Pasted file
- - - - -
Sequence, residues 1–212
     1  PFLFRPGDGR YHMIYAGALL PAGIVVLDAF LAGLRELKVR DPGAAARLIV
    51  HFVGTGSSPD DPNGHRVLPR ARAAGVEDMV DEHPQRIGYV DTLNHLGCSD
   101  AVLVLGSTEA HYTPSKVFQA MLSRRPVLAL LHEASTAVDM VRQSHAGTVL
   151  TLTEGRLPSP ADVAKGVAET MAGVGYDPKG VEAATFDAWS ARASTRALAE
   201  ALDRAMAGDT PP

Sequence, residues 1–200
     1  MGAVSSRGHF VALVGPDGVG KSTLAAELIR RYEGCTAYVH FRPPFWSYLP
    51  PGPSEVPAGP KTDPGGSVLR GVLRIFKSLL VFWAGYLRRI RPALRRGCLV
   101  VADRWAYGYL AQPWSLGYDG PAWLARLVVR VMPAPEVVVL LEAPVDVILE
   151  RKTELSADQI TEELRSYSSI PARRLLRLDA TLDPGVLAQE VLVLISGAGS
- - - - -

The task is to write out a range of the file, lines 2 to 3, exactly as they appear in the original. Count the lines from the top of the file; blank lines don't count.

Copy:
     1  PFLFRPGDGR YHMIYAGALL PAGIVVLDAF LAGLRELKVR DPGAAARLIV
    51  HFVGTGSSPD DPNGHRVLPR ARAAGVEDMV DEHPQRIGYV DTLNHLGCSD